Monday, August 29, 2005

Proposal Three: Patient Capital

Proposal three in Mark Satin’s radical middle agenda is what Satin calls “patient capital.” He writes:

The only other income that wouldn’t be taxed is income on investments held for five years or more. Capitalism can’t work if investors only care about getting rich quick -- biggest single lesson from the Enron, WorldCom, Arthur Andersen, etc., scandals. It’s in everyone’s interest for American businesses to do long-range planning and build wealth over time rather than worry overmuch about short-term shareholder value.

At first glance, this proposal seems less important than some of Satin’s other ideas. But think about the implications. By taxing all income on investments that have been held for less than five years, the patient capital program would punish short-term investing—a major form of modern investing. There would be less incentive for investors (individual and corporate) to “ride the wave” and more incentive to think long-term and add real value to investments.

In many ways, I like this proposal. It in no way prevents individuals or companies from selling investments quickly—it just assesses a tax penalty if they choose to do so. But I wonder how it would affect the common investor who owns mutual funds. Even if we try, most of us do not track exactly which stocks and bonds our mutual funds hold. If our fund manager is moving around investments and that movement nets us a profit, would we be penalized? I’d hope not. I’d hope it’d be enough just to own the mutual fund itself for five years and not each individual investment within the fund.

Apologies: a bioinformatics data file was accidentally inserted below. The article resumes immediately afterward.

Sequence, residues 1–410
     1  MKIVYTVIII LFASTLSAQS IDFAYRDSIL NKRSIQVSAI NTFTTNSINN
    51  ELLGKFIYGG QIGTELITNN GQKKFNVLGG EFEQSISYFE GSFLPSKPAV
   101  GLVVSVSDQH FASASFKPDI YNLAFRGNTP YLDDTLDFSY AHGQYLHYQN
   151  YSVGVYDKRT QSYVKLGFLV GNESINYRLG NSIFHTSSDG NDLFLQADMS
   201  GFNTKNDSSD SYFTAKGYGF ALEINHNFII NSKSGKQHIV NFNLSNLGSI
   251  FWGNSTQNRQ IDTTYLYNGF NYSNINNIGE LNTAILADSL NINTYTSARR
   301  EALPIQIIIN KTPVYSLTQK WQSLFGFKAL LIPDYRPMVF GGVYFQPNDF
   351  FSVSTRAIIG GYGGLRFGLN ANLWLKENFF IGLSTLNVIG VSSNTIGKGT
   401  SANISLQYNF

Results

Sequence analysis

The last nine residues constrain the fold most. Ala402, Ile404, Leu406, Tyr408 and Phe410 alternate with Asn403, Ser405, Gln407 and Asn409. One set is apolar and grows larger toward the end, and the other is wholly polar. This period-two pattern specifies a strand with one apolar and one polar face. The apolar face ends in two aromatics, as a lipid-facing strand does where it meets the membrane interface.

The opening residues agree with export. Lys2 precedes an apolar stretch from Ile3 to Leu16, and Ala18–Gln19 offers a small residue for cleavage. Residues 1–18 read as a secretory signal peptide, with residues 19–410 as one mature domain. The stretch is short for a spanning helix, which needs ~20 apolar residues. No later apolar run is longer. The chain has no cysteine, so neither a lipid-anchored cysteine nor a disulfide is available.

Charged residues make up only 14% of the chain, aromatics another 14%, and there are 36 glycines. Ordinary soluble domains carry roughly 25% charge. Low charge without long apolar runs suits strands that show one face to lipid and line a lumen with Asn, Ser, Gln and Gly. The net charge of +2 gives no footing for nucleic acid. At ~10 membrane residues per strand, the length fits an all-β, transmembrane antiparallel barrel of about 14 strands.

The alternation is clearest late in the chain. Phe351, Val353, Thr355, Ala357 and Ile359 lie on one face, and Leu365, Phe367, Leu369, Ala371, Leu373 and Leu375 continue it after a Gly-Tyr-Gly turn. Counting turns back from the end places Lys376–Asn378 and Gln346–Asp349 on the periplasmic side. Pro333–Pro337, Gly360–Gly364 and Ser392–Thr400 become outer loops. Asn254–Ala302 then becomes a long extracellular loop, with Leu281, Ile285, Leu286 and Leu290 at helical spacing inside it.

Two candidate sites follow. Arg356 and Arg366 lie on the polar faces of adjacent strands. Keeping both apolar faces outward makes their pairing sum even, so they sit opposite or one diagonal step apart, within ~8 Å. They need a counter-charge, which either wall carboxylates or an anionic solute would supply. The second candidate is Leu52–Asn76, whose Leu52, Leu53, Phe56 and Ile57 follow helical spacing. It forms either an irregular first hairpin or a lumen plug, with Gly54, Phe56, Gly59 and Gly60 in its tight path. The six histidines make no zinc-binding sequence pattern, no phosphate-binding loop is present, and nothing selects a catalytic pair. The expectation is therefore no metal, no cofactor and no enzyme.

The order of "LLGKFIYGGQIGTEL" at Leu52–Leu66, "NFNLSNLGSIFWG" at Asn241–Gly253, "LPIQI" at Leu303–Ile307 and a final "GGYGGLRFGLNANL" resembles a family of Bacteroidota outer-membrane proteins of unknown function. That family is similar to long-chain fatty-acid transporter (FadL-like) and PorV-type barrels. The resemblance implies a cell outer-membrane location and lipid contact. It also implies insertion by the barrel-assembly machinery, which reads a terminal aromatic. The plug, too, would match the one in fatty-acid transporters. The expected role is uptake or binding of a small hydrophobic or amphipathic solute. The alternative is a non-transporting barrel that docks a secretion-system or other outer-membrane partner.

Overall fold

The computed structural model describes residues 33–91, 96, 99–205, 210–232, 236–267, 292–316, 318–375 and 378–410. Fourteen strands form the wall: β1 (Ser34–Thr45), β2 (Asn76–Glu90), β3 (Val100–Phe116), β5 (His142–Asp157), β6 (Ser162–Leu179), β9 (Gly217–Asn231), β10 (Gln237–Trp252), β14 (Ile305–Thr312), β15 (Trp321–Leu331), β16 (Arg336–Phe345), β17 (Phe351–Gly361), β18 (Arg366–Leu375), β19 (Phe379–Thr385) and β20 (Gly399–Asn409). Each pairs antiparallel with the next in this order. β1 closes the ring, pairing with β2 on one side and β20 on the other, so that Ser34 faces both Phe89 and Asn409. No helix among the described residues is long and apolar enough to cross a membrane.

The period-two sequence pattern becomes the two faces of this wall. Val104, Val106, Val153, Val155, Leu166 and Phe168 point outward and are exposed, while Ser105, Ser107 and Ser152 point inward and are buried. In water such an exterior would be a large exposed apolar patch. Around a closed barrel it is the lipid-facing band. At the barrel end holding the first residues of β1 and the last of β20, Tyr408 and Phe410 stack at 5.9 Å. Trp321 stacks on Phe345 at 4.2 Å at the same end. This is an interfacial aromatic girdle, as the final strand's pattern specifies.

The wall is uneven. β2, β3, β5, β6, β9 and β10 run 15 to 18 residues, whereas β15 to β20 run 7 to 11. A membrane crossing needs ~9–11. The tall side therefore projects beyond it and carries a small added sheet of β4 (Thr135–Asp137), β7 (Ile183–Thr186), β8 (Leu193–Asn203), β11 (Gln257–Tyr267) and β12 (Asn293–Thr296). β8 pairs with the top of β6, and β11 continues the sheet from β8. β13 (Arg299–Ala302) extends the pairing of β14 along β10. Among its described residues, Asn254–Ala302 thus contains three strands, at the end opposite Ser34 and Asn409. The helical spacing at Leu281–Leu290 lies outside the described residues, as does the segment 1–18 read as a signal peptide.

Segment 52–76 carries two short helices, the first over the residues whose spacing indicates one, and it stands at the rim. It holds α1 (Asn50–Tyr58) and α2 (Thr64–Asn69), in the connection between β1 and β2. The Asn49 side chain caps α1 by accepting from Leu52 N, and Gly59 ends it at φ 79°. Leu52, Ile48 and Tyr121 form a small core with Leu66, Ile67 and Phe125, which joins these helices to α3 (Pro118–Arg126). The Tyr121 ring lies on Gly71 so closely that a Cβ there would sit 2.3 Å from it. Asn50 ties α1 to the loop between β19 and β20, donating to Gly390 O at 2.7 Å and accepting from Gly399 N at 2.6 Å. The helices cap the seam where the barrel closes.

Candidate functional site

But that would create a giant loophole where mutual fund managers could continue to buy and sell investments at a quick clip without suffering the tax penalties for doing so. And when it comes to money, once a loophole is opened, creative accountants will exploit it for all it’s worth.

I think, while a solid starting point, Satin’s “patient capital” proposal needs some greater detail so as to protect the interests of the common investor. Perhaps the five-year tax rule only cuts in if the investment is worth above a set amount (say, $30,000). Or perhaps the threshold is graduated to tie the number of years an investment must be held to its total worth (i.e. one year for a small investment and up to five years for the largest investments). Or perhaps, in the case of mutual funds, any tax would have to be absorbed by the broker and not the customer.

There are certainly other solutions. And they should be considered because I think the proposal has a lot of merit.

UPDATE: It should be noted that the “patient capital” proposal only works in a flat-tax or even our current taxation system. A VAT system would not levy taxes on any kind of income. It would promote fiscal responsibility on the purchasing side rather than the income side.


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